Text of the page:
Although modeling and simulation are likely to become fixtures in drug development, they do come with risks. Just ask Duke University.
Enrollment has been suspended in three cancer treatment trials and investigators are now reviewing the data amassed from a project to test whether gene expression can help predict tumor response to drugs. The research is based on prediction models whose validity is now as much in question as the academic credentials of the lead researcher, Anil Potti of Duke.
The story goes back to 2006 when Potti and fellow researchers published a paper describing how they developed algorithms that predict tumor sensitivity to specific chemotherapies, based on genetic analysis of the tumor. But biostatisticians at the M.D. Anderson Cancer Center found "serious errors that question the validity of the prediction models," according to Nature. They were unable to reproduce Duke's results. and published their findings last year.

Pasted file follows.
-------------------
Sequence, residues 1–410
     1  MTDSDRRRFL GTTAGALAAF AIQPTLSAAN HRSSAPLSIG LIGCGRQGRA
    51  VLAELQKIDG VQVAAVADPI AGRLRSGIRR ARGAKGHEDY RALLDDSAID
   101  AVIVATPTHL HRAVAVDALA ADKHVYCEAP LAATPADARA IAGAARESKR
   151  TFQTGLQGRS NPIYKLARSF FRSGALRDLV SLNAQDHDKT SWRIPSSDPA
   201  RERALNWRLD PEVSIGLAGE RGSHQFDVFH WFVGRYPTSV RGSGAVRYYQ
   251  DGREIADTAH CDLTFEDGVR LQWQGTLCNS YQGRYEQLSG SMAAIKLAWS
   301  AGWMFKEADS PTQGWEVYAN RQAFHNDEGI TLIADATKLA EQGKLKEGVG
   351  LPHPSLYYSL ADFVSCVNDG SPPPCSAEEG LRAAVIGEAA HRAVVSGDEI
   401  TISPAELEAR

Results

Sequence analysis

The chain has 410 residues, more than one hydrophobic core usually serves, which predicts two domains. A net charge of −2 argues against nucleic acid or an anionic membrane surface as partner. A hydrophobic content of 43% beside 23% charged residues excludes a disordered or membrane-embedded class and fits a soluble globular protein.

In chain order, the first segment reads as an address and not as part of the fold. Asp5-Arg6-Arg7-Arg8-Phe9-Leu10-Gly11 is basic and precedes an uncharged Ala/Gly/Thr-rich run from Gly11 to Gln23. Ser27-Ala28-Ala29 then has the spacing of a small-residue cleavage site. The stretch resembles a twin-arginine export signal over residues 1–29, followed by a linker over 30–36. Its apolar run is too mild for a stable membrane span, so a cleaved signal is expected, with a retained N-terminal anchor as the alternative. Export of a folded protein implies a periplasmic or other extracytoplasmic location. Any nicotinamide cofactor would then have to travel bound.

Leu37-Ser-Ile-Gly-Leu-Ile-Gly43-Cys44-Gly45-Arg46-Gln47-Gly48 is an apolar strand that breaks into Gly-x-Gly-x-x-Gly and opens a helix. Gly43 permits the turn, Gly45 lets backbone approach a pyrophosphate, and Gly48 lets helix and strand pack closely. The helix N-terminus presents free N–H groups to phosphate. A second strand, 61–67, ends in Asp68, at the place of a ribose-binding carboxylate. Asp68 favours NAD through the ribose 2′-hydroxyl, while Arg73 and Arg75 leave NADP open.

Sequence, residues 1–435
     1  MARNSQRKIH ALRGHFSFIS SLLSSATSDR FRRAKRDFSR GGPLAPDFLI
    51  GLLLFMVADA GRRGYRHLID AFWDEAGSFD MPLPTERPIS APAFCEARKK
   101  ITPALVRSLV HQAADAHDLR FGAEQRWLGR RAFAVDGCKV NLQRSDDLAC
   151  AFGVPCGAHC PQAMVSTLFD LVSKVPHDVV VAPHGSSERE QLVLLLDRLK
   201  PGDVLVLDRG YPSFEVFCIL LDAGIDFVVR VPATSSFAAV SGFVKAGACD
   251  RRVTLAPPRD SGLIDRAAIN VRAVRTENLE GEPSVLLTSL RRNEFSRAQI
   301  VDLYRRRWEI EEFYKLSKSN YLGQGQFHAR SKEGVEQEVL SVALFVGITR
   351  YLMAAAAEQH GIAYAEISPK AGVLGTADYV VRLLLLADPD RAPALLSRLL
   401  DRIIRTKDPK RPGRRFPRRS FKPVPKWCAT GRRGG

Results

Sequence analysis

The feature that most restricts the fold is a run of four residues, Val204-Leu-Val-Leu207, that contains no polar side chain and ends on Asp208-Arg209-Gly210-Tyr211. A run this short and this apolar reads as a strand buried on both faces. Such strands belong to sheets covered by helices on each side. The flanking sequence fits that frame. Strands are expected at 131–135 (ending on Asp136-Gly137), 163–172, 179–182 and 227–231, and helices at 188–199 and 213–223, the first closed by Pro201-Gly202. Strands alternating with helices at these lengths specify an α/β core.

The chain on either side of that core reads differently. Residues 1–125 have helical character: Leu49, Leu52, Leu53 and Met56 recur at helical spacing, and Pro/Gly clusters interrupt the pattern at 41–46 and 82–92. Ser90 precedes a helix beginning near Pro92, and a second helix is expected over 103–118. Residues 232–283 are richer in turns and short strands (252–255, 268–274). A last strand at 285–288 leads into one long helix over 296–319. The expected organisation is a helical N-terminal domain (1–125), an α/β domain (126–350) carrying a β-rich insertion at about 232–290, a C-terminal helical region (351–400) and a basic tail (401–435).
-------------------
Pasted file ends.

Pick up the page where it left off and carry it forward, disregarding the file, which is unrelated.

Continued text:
Duke halted enrollment then, but resumed after other experts affirmed the methodology. Although confident in the reaffirmation, Duke again halted enrollment earlier this month due to questions about Potti's credentials. He is now on administrative leave pending an investigation into his claim of being a Rhodes Scholar, which the Rhodes Trust denies.
The university also has called for a full review of the data and science.